Workshop of Rogier van der Weyden, Polyptych of the Nativity
Mid 15th century
The Cloisters, New York City
This is an image map. Click on any area to see an enlargement with commentary. Click on an arrow to see the reverse side of the panel shown, also with commentary.
Large altarpieces comprising three or more framed segments were a popular innovation of the 15th century. In this case, the polyptych has an "open state" (shown here) and a "closed state" in which the outer panels fold in over the inner ones, so that the Nativity scene is flanked by portraits of Saints Catherine and John the Baptist and the image of God the Father blessing the Nativity is covered by two panels picturing the expulsion of Adam and Eve from Eden.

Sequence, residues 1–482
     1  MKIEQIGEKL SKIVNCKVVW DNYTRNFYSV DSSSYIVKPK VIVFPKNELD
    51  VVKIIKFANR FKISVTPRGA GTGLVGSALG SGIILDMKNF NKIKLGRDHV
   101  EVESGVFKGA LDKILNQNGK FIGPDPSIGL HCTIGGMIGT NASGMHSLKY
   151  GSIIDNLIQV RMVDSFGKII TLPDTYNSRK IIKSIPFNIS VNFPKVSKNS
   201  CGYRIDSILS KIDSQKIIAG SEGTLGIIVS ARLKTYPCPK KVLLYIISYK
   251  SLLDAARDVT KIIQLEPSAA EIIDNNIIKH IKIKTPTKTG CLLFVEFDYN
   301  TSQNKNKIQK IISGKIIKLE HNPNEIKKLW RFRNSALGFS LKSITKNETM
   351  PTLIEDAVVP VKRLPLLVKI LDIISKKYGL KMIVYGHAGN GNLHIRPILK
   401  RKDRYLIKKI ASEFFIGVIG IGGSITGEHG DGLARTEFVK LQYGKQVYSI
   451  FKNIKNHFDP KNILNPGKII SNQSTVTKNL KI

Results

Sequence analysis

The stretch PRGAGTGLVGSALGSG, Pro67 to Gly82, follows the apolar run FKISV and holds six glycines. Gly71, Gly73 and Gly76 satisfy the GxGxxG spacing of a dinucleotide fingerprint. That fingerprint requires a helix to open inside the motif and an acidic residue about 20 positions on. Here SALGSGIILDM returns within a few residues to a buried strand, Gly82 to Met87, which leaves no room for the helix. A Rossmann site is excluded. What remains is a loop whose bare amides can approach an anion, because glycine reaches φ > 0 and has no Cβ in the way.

Gold ground was a common feature of altarpieces in the 14th century, especially in portraits. But it found less favor in the 15th. Here it is not used in the portraits of John and Catherine, only in the God the Father panel.
Read more about images of the birth of Jesus.
Photographed at the Cloisters by Richard Stracke, shared under Attribution-NonCommercial-ShareAlike license.